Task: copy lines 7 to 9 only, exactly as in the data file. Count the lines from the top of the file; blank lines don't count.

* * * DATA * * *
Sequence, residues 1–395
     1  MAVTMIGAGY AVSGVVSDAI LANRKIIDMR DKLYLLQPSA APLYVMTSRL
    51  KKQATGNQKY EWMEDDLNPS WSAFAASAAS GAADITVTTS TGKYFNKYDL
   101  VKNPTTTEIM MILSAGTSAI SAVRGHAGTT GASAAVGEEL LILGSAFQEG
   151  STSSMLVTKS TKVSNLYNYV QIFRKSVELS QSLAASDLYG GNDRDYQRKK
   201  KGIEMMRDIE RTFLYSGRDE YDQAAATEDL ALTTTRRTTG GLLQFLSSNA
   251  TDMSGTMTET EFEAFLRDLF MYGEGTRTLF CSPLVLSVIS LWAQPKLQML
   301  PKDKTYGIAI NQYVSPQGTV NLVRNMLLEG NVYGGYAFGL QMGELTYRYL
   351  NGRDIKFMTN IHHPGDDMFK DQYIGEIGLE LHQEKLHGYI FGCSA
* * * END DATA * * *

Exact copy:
   251  TDMSGTMTET EFEAFLRDLF MYGEGTRTLF CSPLVLSVIS LWAQPKLQML
   301  PKDKTYGIAI NQYVSPQGTV NLVRNMLLEG NVYGGYAFGL QMGELTYRYL
   351  NGRDIKFMTN IHHPGDDMFK DQYIGEIGLE LHQEKLHGYI FGCSA